In response to Not a Sign of Confidence, Methinks
Iain’s claim that “the Senate returned to regular order under Senator McConnell’s leadership” is a bit odd in the context of discussing fast-track trade authority. The New York Times had this to say on May 21:
Three senators — Maria Cantwell, Democrat of Washington; Heidi Heitkamp, Democrat of North Dakota; and Lindsey Graham, Republican of South Carolina – refused to vote to consider the Pacific trade legislation until they got a commitment from Mr. McConnell for a vote to extend Ex-Im’s life.
In an extended huddle, supporters of the bank negotiated with Republican leaders. Ms. Cantwell even took a call from President Obama during the protracted vote.
Finally, when Mr. McConnell relented, the group turned en masse to vote to end the filibuster, providing the winning margin.
There is nothing regular about that, and Graham helpfully confirmed the deal-making via Twitter: “Most important aspect of agreement is we will also have the opportunity to vote on #ExIm reauth attached to the Highway Trust Fund reauth.”
Even if you dismiss that as simply allowing senators to “exert their rights under the rules of the Senate and offer an amendment on an amendable vehicle” as Iain does, it is undeniable that senators have been denied that right multiple times this year.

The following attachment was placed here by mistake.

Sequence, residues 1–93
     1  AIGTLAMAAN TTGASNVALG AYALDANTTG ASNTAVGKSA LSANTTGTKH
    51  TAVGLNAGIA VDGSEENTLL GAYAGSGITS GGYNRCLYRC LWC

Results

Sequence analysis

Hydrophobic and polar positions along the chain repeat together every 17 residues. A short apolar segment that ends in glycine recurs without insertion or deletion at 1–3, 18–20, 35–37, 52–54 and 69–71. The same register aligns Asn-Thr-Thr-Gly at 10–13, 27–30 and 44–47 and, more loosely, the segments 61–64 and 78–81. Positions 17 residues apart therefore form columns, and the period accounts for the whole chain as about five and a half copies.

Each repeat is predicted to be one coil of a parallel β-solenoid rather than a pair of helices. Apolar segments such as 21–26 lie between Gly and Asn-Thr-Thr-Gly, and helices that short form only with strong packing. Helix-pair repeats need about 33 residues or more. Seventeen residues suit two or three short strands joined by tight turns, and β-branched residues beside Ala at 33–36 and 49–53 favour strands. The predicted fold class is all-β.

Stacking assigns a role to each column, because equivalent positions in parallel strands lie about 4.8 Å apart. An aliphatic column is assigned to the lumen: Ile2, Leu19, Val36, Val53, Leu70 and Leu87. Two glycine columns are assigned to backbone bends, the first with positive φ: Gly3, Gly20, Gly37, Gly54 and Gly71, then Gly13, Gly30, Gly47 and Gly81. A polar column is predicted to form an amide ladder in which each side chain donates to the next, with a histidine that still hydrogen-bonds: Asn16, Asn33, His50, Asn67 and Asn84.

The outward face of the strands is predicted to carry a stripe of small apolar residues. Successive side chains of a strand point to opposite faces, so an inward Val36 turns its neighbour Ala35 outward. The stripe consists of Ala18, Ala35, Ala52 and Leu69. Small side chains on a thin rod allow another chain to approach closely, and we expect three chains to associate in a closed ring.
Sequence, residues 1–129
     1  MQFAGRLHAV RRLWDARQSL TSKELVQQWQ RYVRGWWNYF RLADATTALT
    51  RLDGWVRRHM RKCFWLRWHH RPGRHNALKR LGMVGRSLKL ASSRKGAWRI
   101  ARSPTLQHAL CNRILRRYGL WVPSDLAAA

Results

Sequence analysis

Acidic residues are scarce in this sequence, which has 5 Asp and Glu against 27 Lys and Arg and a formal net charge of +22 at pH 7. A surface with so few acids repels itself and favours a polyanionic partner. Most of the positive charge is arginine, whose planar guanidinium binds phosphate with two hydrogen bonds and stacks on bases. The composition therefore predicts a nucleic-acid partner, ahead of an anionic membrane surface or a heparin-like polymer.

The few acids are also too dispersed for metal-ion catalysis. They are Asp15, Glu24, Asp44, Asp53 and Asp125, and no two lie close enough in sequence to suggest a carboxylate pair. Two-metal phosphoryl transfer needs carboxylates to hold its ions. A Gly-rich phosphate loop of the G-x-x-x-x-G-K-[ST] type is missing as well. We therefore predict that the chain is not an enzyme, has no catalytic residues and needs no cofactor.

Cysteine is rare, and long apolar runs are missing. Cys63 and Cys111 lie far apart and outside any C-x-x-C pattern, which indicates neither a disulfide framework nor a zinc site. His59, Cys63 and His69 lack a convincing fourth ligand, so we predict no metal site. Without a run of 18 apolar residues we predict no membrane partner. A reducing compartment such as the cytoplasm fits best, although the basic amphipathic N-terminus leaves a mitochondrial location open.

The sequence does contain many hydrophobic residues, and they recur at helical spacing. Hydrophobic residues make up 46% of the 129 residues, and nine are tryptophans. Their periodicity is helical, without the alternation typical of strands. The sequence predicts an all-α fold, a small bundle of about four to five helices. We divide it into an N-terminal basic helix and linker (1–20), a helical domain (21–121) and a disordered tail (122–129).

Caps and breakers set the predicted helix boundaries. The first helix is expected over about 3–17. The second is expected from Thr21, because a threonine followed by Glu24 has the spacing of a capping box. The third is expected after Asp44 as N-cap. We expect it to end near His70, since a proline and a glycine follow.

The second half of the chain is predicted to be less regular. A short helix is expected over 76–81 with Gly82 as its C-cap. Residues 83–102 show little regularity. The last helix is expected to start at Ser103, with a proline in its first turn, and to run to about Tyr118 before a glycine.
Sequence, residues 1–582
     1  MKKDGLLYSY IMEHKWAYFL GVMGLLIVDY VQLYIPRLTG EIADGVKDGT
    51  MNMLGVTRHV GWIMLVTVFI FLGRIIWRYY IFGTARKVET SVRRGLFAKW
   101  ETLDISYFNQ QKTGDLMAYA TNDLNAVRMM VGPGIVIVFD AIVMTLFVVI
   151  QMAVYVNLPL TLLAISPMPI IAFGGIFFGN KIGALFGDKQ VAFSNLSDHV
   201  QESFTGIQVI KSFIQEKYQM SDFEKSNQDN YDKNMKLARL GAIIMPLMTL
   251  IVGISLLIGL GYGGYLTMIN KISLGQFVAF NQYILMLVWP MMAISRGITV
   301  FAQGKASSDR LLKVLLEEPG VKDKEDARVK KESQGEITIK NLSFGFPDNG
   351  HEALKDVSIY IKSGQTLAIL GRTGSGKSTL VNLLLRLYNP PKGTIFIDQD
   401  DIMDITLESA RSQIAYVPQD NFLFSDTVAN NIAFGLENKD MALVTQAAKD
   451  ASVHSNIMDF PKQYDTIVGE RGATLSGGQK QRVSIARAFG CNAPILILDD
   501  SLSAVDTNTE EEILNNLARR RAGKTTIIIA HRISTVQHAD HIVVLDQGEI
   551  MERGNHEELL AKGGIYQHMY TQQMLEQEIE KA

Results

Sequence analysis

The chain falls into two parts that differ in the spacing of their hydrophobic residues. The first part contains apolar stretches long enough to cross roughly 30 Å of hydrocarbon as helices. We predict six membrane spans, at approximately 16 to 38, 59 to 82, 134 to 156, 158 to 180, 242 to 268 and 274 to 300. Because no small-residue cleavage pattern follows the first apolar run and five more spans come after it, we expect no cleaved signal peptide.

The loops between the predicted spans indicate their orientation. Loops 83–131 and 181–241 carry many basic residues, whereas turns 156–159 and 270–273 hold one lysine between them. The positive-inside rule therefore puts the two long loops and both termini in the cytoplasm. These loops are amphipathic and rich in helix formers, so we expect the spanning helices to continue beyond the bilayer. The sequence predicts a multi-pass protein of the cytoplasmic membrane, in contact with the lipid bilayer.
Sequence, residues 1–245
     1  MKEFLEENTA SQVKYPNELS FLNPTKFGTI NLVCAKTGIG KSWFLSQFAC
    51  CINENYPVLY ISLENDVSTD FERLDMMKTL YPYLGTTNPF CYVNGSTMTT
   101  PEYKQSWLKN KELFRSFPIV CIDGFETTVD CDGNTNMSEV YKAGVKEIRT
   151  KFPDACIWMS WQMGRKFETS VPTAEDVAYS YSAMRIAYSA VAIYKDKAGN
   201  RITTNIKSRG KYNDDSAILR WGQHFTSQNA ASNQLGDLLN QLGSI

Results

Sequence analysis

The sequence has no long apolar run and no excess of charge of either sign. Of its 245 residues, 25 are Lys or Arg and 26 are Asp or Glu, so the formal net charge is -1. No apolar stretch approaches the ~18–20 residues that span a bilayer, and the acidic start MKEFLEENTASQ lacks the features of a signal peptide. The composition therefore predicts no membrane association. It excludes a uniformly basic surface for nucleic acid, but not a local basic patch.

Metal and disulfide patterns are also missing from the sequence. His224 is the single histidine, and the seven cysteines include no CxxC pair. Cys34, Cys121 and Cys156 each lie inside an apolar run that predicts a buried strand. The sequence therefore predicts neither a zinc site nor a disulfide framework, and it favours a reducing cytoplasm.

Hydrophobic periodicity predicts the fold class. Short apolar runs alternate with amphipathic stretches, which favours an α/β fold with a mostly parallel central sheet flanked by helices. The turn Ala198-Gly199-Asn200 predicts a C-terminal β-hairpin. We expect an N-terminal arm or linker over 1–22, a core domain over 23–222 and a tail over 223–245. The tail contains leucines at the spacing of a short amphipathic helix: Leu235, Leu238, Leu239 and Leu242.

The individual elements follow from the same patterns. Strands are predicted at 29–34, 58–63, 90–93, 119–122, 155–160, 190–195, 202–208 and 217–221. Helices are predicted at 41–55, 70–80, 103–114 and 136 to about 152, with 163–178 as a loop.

Most notable was McConnell’s successful effort to block senators Tom Cotton and Marco Rubio from receiving a vote on a critical amendment on Israel during the debate over Iran. As Cruz mentioned in his op-ed, he and Senator Jeff Sessions were also denied a vote on amendments to fast-track authority in May. Those were not decisions made by chance. As Senate majority whip John Cornyn explained earlier this year, “The only person who makes the decision is the leader.”
We have not returned to Reid-like management, but it is quite clear how the Senate is being run this year. McConnell has asserted his prerogative on numerous occasions. He is also opposed to the Export-Import Bank. As such, it is perfectly reasonable for him to treat a rogue amendment to resurrect the Ex-Im Bank (which will be expired and winding down its operations as required by law) the same way he treated the Rubio, Cotton, Cruz and Sessions amendments.